WASHINGTON — Senior Pentagon leaders are taking another look at sharply reducing the number of unpaid furlough days that department civilians will have to take in the coming months, suggesting they may be able to cut the number from 14 to as few as seven, defense officials said Thursday. If the number is reduced, it would be the second time the Pentagon has cut the number of furlough days. It had initially been set at 22 days. The officials say no decision has been made and that they are not ruling out efforts to drop the furloughs entirely. The renewed talks come as Navy leaders continue to push for eliminating

required furloughs for Navy civilians. The officials spoke on condition of anonymity because they weren’t authorized to discuss the issue publicly. Defense officials are reviewing a range of options to determine how many furlough days they can cut, because recent legislation gives the Pentagon more flexibility in how it allocates the required spending cuts for this year. So far, Pentagon leaders have insisted that civilians across all the military services be treated equally, suggesting it would be unfair for workers in one service to face more unpaid days off that those in another service. Others, including members of Congress, have argued that if there is enough money in an

account to pay the civilians, the department should do all it can to allow them to work. The fairness debate has also cut across federal agencies, with some defense workers complaining that employees who do similar jobs for other government departments are not subject to furloughs. There also has been debate about how many intelligence workers would be furloughed. Intelligence officials are arguing that a certain number of workers are needed in order to adequately monitor and protect the U.S. from national security threats. The U.S. intelligence community is made up of 16 different organizations, including the CIA, the Defense Intelligence Agency and the highly secretive

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National Security Agency and the National Reconnaissance Office. Altogether the agencies have about 100,000 workers. On Thursday, when asked during a congressional hearing about Army depot furloughs, Pentagon budget chief Robert Hale said he could not yet rule out furloughs for the workers. He acknowledged there is an effort to minimize them. “Maybe we can get better, maybe we can’t,” he told the House Armed Services Committee. “We would like to see consistency and fairness, because if we’re going to have to jump into this pool, we’d like to jump together. But no final decisions have been made on furloughs.” Defense officials conceded, however, that there has been talk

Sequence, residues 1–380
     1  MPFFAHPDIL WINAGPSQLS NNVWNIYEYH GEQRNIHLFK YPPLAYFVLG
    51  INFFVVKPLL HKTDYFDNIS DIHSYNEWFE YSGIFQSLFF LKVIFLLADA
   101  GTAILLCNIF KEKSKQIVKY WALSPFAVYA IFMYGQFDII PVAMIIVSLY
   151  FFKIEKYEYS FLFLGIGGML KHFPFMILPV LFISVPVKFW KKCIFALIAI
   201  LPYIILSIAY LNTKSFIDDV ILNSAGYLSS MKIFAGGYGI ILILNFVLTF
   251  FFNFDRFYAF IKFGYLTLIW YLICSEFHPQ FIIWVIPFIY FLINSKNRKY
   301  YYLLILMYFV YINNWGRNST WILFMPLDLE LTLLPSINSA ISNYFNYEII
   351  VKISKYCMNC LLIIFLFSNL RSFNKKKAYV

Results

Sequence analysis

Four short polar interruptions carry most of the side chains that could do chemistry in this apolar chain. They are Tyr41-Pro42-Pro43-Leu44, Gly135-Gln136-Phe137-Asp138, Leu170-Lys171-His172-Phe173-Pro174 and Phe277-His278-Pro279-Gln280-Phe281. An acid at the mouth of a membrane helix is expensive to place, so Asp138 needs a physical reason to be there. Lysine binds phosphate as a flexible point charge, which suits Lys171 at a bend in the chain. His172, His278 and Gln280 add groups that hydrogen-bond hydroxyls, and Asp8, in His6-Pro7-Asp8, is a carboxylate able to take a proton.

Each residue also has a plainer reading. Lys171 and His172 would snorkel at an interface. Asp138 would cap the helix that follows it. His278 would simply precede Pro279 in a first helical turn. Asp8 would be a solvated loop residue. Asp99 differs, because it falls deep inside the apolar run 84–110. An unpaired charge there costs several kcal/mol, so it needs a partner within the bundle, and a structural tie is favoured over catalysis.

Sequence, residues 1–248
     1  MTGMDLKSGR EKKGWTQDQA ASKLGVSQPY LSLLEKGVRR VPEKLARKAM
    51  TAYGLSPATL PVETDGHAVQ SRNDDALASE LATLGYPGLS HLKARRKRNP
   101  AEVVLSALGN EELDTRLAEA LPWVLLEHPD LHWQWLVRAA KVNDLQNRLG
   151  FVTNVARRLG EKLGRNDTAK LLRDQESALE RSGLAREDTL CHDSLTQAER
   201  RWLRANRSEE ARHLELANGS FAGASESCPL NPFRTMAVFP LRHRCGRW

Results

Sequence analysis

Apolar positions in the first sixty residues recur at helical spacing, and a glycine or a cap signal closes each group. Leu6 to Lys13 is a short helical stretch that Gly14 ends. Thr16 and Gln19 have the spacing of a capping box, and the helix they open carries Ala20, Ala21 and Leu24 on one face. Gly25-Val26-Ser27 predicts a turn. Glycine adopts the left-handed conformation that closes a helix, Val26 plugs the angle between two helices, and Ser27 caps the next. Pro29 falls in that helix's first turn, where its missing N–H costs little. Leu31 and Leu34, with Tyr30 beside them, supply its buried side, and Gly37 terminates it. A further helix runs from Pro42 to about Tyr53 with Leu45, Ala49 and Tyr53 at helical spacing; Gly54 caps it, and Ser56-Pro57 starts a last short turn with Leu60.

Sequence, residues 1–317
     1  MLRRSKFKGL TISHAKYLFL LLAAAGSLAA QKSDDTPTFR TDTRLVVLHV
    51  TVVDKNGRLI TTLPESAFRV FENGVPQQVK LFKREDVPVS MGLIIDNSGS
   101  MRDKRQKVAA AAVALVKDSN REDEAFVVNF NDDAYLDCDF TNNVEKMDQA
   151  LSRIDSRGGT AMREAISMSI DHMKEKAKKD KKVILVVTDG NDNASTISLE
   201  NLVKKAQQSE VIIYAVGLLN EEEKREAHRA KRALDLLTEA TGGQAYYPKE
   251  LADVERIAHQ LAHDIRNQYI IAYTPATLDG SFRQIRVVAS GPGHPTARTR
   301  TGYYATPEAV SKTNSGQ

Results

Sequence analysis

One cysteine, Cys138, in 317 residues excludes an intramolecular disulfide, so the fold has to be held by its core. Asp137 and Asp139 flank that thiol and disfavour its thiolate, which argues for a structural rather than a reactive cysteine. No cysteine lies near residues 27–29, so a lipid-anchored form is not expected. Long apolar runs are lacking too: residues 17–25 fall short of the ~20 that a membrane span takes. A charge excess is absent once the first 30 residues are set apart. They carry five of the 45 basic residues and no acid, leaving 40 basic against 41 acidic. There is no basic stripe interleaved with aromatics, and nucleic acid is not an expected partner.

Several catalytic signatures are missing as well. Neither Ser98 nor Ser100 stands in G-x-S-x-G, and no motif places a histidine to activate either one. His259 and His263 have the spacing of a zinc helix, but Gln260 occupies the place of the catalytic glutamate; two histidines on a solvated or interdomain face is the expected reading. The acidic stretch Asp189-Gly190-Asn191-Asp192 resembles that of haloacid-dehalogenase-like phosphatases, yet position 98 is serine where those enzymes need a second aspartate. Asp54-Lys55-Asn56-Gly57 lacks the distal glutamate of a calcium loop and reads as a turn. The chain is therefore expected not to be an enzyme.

of cutting the number to about seven. Congressionally mandated automatic budget cuts initially prompted the Defense Department to warn that the bulk of its 800,000 civilians would be forced to take 22 unpaid days off — one in each of the last 22 weeks of the fiscal year ending Sept. 30. When lawmakers approved a new spending bill at the end of March they gave the Pentagon greater latitude in where to find the savings. In an attempt to take some of the sting out of the more than $40 billion in across-the-board budget cuts, Congress shifted additional money to operations and maintenance accounts. Over time, defense officials have continued to study the legislation and figure out where they can cut and where they can add money back to fill shortfalls and fund priorities. Navy officials have argued that the furloughs — particularly for civilian workers at Navy shipyards and depots — will end up costing the service more than the salary cuts would save. Navy officials said they believe they can find the $300 million needed to eliminate the furloughs for roughly 200,000 civilians in the Navy and Marine Corps, and that discussions with Pentagon leaders on that proposal continue. The officials said that according to a Navy analysis, forcing shipyard and depot workers to take 14 days off would extend the amount of time it will take for ship maintenance. They said that would create a ripple effect that will keep vessels at the shipyards longer and create a backlog. Ultimately, the backlog would delay deployments, forcing other ships to remain at sea longer, increasing their costs.